Project on Change in life-style that leads to preference of branded products
Name: Rajan Christian
Brand preferences are usually studied by attempting to profile and understand loyal consumers. This paper presents a study of changes in brand preferences. Theory and research is used to propose and test a model based on the proposition that changes in brand preferences and their development are the result of life events that serve as markers of life transitions. Changes are viewed to be the result of adjustments to new life conditions and changes in consumption lifestyles that reflect consumer efforts to cope with stressful life changes. The data support these notions and suggest implications for consumer research.
The question of "why consumers change their brand preferences" has intrigued marketers and consumer researchers for decades. Early attempts to understand brand-switching behaviour focussed on the effect of past purchases on current purchase behaviour. More recent studies have shown that brand-switching behaviour is related to three types of factors consumer characteristics, marketing mix factors, and situational influences. The purpose of the present research is to present a relatively unexplored approach to understanding changes in brand preferences. Specifically, it is proposed that changes in brand preferences are the result of life changes (events) that signify transitions into new roles and create stress, forcing the individual to modify his or her consumption life styles (including brand preferences) to adapt to new life circumstances. Theoretical perspectives are presented followed by the results of a large-scale national study.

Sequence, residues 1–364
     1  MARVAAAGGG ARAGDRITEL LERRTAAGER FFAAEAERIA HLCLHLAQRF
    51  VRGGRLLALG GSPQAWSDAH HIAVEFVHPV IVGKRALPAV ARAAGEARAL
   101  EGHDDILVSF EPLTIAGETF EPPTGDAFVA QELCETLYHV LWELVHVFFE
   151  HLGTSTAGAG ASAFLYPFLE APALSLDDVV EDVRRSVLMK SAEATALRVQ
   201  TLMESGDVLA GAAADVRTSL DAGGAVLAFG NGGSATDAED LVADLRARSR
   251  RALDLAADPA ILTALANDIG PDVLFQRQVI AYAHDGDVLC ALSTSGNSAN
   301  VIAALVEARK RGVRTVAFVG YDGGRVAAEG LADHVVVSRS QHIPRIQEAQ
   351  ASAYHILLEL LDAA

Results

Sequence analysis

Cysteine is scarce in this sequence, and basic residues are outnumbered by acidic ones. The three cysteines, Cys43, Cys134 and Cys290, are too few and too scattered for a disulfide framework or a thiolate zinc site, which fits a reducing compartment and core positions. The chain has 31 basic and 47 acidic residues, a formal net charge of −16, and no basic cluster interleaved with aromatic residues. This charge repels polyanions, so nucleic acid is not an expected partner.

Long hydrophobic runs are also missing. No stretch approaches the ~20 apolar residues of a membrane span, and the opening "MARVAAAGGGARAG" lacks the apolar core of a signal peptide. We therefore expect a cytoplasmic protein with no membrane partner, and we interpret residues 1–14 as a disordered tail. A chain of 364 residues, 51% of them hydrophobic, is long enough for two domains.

Recent studies have revealed that periods of life transitions are associated with significant changes in consumer behaviour. Two different theoretical perspectives help us find explanations for these changes: role transition perspective and stress perspective. The first perspective holds that as people change roles, adopt new roles, or give up old roles their consumer behaviour also changes. These changes in consumer behaviour are either because of their need to redefine their self-concepts as a result of the assumption of a new role; or due to role relinquishment as people attempt to dispose of products relevant to the enactment of a previous role. Previous research has shown that possessions are integral to the definition of self and the expression and performance of 1
roles (Belk 1988); and their disposition is necessary in communicating important changes both to the consumer and to others. The second perspective on behavioural changes is based on stress theory and research. Stress refers to environmental, social, or internal demands which require the individual to readjust his or her usual behaviour patterns. These demands cause disruptions of previously more or less balanced states. Major life changes and transitions are often treated as "stressors" that create a generalized demand for readjustment by the individual. Thus, the assumption of a new role or its anticipation requires major adjustment of one’s lifestyle which can be stressful. People attempt to restore balance and relieve frustrations and tensions accompanying disequilibrium by initiating or modifying behaviours, which are viewed as coping strategies. Coping refers to actions and thoughts that enable the individual to handle difficult situations, solve problems, and reduce stress. Based on these two theoretical perspectives, it is proposed that changes in brand preferences are the result of life changes (events) that (a) signify transition into new roles and (b) create stress that forces the individual to modify his or her consumption behaviour. While changes in brand preferences have not been linked empirically to life transitions or stress, there are reasons to believe that brand-preference change is a consequence of life changes for at least two...
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